When he looked at Manchester’s schools, Klimakowski said he looked at access control for staff, students, visitors and contractors; communication and backup; intruder detection and alarms; and surveillance. He said that what he found in Manchester was 'overall excellent’ but they did find some door issues and other minor things. One problem area, he said, is the chaos of drop-off and pickup of students at the schools and he recommended discouraging parents from driving their children to school. “This is a big problem...parents need to let their kids use the bus,” he remarked. He also recommended that surveillance cameras be upgraded to provide a better view and that interior locks be standardized. He said that, ideally, the schools would have an entryway with a second set of doors to slow down an intruder. He also recommended limiting visitor access and possibly having a staff member walk visitors to where they are supposed to be going within the building. As for the idea of armed guards in schools, he noted that the law enforcement community does not believe this is good idea but does encourage having School Resource Officers (SRO), which are town police officers who are assigned to work at the schools. There is already an SRO at Manchester High School and Klimakowski said that his department is hoping to get some federal grant money that could provide an SRO for the middle school. He said that the police department itself has also instituted a lot of new programs that focus much more attention on the schools.
Trethaway thanked Klimakowski for all his help and asked Business Administrator, Craig Lorentzen, to review some of the things the district would be doing over the summer to improve security. Lorentzen said that the district would implement a new card reader access system at all buildings. “You must have a card or you will have to be buzzed in,” he said. The card system is also programmable, allowing the district to deactivate cards when necessary and to set times when the cardholder may access the building. High definition security cameras with a wider view of entryways and the ability to automatically record will be installed at all schools. The district is also looking at installing a new type of security film on glass doors and windows. Lorentzen said the film strengthens the glass and could allow 15-20 minutes of extra time before an intruder could break through. In addition, he said that alarms would be upgraded in several of the buildings. He said that plans are to have all of these items in place by September. “This is just the start,” he said. “We are still identifying areas where we might be able to do more.”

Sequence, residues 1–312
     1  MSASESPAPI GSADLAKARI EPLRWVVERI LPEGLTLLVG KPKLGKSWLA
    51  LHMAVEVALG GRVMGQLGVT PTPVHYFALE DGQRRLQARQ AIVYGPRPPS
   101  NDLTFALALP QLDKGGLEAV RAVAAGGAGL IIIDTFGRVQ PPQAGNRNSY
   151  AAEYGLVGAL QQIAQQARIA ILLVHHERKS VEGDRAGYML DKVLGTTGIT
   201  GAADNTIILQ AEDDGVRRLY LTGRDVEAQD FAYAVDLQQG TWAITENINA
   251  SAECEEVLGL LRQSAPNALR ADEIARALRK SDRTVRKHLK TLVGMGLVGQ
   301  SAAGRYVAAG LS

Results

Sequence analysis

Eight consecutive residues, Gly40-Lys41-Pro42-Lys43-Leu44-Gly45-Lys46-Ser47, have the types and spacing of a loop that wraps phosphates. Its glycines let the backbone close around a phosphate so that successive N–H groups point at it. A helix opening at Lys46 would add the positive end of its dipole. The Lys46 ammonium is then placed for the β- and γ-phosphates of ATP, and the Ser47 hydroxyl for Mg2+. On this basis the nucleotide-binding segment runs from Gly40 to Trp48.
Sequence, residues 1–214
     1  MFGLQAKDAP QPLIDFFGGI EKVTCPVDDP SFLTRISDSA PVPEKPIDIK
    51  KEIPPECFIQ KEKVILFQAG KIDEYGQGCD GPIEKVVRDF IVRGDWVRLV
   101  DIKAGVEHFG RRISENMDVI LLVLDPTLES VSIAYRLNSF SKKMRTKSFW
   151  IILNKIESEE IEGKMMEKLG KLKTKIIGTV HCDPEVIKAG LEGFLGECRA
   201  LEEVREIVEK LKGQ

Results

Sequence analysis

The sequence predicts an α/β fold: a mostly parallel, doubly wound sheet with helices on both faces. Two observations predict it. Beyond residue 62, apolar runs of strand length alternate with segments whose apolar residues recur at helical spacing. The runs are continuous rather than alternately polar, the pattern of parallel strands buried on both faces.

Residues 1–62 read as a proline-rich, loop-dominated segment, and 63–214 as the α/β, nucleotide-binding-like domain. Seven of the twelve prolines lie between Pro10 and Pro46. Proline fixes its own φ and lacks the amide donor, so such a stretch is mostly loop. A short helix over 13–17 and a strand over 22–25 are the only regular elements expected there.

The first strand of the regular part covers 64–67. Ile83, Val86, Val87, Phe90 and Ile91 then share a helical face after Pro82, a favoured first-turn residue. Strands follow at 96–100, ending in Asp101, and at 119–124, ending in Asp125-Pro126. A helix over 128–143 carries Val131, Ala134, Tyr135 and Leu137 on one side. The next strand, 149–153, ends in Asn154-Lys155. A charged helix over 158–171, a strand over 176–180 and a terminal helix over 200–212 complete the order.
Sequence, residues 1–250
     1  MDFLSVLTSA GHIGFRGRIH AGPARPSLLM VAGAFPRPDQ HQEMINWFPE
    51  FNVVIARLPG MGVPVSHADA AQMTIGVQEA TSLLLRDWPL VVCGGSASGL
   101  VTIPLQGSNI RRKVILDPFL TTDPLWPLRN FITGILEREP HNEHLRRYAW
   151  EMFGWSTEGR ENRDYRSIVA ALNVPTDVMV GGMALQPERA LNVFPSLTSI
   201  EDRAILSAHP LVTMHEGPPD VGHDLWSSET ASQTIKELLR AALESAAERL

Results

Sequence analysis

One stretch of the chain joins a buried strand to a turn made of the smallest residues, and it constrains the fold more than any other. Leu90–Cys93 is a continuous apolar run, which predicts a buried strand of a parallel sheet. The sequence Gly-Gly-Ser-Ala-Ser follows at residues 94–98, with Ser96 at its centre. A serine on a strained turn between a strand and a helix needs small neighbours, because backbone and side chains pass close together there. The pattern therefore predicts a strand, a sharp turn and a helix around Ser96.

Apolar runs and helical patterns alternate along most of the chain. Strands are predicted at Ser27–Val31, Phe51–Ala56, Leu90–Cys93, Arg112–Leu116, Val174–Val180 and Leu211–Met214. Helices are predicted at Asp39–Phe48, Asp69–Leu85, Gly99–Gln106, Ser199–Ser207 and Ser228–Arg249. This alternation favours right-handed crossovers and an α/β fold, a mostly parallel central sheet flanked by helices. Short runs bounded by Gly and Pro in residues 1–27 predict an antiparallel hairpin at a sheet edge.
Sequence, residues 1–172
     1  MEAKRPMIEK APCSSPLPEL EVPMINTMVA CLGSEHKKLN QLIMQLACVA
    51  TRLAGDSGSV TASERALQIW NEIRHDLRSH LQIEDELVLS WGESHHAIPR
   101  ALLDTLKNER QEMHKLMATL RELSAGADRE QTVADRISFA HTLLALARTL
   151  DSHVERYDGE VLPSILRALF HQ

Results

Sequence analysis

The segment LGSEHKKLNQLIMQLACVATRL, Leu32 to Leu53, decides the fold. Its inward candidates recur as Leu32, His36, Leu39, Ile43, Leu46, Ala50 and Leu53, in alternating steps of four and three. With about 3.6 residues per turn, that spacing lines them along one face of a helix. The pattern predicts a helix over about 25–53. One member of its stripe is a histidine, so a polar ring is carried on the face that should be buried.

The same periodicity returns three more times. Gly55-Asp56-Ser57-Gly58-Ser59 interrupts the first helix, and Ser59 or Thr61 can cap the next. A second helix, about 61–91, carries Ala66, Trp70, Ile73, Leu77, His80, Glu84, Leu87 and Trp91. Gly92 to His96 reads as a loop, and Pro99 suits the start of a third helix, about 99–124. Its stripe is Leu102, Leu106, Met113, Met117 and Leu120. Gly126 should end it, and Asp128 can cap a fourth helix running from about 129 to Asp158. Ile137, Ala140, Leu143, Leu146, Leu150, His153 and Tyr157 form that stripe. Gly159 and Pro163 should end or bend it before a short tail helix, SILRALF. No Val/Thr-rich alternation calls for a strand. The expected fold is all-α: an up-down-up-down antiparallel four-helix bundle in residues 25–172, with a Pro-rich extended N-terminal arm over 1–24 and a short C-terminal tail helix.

Lorentzen said that the district also plans to have wireless internet installed throughout the district by September, as well as a new telephone system.
Cuts to federal funding for the district’s NCLB and IDEA grants ‘were not as bad as we thought they would be’ at $53,000 for each fund, Lorentzen told the board.
Lorentzen reported that the district’s school lunch prices would increase by ten cents next year to $2.45 for elementary and $2.70 for HS/MS in order to slowly reach the federally-required target average of $2.54 by 2014. “We don’t like to increase it but we have to meet federal requirements,” he remarked.